4 Inspiring Rwandan Female Entrepreneurs you should know.

We love to see young entrepreneurs with vision and a passion for finding solutions to problems. the best part is to see them thrive and fulfill their passion. these young Rwandan entrepreneurs are not only creating products that are needed by consumers in the market, but they are also changing lives and assisting other youth from low income families, helping them to fend for themselves and even their families.

Here’s the list of 4 inspiring Rwandan female entrepreneurs you should know.


Gisele Iradukunda

Founder of Radio Gare Project, a company that installs radio speakers in bus stations for the purpose of communicating with commuters. She came up with the idea last year whilst trying to find a way to better support her family and herself.

Iradukunda realized bus companies would pay to use the system to communicate important information to passengers about their service. Other companies can also use it to advertise their products and services to a large number of people while they wait for a bus.


Nancy Sibo 

She combined her creative mind with her love for the environment and belief in women’s empowerment. In 2013 she founded Miheha Straw Bags Products, a social enterprise that manufactures a variety of original handcrafted products – such as handbags, earrings and belts – made of recycled plastic drinking straws.



Chantal Butare

She runs a dairy cooperative that gives milk-producing farmers, particularly women, better access to markets. She started the initiative, called Kinazi Dairy Cooperative (KIDACO), in 2012 when she noticed that many farmers where struggling to sell their milk. The cooperative has a particular focus on assisting women genocide survivors.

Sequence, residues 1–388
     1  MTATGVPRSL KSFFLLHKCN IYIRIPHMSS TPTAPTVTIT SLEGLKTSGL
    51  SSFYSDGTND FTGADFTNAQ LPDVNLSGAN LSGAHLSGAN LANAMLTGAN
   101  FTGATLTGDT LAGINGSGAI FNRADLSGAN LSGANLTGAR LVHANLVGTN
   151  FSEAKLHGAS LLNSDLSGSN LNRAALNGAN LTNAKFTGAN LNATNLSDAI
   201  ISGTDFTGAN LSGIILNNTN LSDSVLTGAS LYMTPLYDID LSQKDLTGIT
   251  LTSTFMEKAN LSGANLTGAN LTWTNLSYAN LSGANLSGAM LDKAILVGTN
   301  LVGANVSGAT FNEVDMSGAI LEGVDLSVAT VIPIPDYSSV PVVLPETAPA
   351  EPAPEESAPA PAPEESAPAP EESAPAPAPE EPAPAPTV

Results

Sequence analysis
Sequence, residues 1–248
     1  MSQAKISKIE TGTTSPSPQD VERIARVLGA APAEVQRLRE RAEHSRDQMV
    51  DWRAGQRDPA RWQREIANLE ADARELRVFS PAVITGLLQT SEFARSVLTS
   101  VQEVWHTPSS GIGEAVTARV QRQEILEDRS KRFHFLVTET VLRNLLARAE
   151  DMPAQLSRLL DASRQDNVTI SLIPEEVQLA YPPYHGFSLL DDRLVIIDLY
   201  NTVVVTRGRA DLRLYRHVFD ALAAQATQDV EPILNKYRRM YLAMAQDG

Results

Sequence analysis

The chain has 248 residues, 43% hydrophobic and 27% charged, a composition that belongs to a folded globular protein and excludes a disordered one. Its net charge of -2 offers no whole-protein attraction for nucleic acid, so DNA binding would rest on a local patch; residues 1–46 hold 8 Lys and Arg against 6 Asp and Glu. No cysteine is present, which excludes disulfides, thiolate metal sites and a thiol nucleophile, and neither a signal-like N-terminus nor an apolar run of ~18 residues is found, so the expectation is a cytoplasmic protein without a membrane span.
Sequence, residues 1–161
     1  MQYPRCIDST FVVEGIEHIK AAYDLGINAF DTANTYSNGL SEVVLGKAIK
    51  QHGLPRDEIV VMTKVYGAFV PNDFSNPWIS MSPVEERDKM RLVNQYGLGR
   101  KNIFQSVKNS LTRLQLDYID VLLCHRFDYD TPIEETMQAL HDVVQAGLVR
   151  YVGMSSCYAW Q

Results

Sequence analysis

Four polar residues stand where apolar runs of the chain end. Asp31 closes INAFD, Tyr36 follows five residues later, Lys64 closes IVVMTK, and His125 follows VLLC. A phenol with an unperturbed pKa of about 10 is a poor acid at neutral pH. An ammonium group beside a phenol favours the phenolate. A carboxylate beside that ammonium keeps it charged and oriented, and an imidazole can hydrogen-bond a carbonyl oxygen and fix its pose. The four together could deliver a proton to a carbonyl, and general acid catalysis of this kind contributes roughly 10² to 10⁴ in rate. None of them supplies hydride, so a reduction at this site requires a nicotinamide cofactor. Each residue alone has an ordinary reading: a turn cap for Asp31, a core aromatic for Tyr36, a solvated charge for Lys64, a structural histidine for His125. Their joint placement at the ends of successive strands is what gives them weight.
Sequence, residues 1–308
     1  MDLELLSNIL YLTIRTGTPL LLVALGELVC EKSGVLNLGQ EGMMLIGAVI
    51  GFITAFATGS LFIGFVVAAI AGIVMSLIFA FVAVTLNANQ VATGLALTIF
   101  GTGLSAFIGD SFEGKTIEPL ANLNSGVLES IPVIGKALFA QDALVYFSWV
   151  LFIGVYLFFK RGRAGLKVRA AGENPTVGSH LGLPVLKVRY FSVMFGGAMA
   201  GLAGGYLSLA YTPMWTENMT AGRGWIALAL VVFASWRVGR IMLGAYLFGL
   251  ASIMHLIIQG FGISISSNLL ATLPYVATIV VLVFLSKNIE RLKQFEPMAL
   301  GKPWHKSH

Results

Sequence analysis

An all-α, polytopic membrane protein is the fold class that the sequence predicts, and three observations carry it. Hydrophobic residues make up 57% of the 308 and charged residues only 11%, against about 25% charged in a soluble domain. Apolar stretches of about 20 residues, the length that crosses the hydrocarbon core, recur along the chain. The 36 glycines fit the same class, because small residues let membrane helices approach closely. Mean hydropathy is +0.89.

Today the organisation serves over 3,200 farmers and employs 10 milk collectors to supply both Rwanda and Burundi. Her vision is to help eradicate poverty and hunger among vulnerable people in her community.


Alice Igiraneza

Alice is involved in a number of organisations focused on community development, including the Girls Leaders Forum and the Rwanda Village Concept Project.

She is also the founder of Kiza, a restaurant which provides a selection of healthy food options for students and employees at the university of Rwanda. The aim is to educate others on healthy eating and combat diseases such as diabetes. The restaurant serves about 300 people and provides employment to 20 medical students from the poorest families who are struggling to pay for necessities.


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